Volvo’s China-Made EVs Exploit Tariff Loophole

Volvo is set to shake up the American market for electric vehicles (EVs) this summer with the introduction of the China-made EX30, with a suggested retail price of $35,000. That will put it at $8,000 cheaper than Tesla’s Model Y.

Volvo is owned by China’s Geely and is using its preexisting U.S. presence to skirt the 27.5% tariff imposed on Chinese vehicles entering the U.S. market. Volvo’s manufacturing plant in South Carolina qualifies the company for a tariff refund, effectively eliminating the tariff for Geely. Despite their international ownership, Volvo argues it maintains its Swedish design ethos and operational independence. Even while acknowledging the existence of the tariff loophole, a spokesperson said, “Volvo pays all legally required duties on cars and parts.”

The so-called “Inflation Reduction Act of 2022” allows Volvo to designate leased vehicles as “commercial,” which opens another loophole allowing the company to offer the EX30 at an even more reduced effective price of $27,500. That applies even though the vehicle will be constructed entirely of Chinese-made components, which would normally exclude it from the lavish subsidy.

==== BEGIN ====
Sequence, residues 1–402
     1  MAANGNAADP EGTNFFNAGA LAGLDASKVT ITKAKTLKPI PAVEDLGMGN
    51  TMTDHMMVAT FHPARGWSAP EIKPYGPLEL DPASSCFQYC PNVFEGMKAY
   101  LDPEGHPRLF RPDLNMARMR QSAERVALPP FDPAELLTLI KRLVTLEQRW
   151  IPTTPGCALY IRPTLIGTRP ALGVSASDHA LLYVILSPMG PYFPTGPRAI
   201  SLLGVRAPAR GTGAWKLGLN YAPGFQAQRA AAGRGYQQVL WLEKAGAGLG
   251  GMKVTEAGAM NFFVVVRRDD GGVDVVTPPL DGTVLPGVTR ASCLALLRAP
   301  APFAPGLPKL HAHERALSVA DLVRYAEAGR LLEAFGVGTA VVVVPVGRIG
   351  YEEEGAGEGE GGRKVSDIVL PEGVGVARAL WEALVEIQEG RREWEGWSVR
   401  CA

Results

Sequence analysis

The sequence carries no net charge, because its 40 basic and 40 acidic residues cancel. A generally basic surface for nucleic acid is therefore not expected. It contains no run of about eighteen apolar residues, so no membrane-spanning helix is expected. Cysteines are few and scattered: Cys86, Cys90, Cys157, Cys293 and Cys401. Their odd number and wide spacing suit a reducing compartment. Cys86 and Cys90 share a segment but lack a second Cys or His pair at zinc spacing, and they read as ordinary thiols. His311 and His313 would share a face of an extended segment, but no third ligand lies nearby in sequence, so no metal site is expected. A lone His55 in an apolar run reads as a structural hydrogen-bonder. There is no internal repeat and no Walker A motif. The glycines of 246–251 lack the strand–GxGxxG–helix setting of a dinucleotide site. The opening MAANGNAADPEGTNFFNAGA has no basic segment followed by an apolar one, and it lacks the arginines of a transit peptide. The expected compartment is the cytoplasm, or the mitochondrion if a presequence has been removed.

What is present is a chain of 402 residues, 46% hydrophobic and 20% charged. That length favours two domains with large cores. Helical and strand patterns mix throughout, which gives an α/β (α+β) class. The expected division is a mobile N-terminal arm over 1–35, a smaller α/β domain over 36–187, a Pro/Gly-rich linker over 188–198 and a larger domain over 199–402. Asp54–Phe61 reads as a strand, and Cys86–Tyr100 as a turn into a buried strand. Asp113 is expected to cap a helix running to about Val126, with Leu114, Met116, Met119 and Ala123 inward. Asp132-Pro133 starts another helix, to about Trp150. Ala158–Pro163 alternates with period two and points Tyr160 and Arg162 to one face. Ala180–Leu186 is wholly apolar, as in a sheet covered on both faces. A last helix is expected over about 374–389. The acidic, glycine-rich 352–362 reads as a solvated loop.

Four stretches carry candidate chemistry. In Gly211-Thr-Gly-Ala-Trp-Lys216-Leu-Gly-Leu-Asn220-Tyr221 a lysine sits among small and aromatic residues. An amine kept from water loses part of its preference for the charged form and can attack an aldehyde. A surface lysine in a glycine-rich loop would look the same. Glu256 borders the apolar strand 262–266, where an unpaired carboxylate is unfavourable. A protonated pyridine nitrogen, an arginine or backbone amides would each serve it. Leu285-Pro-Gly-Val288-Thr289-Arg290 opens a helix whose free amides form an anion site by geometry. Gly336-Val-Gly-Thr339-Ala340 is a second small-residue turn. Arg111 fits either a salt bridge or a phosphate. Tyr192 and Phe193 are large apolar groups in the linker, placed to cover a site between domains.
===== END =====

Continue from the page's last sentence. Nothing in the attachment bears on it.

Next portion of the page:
Tesla and other U.S. automakers are already feeling the pressure coming from cheaper Chinese competitors. Tesla recently reduced the price of its Model Y by $2,000 in an effort to head off the advantages Geely will soon exert over American manufacturers.

The entry of Volvo’s EX30 into the U.S. market underscores a broader trend of globalization in the automotive industry, where international cooperation and competition intersect at the juncture of innovation and consumer choice. Volvo’s strategic use of U.S. manufacturing sites allows it to sidestep tariffs and place it within the beneficial economic frameworks intended for domestic manufacturers.

The implications for U.S. automakers are profound. As the EX30 and similar models capitalize on regulatory and market opportunities, they set new precedents for how foreign-owned companies might leverage U.S. policies to their advantage, challenging domestic manufacturers to innovate or face declining market shares.

As this trend continues, it raises questions about the future of the U.S. auto industry and its ability to compete with foreign manufacturers who enjoy the dual advantages of lower production costs and strategic market access. This could become the so-called “extinction-level event” for traditional U.S. automakers unless significant adjustments are made in policy and practice.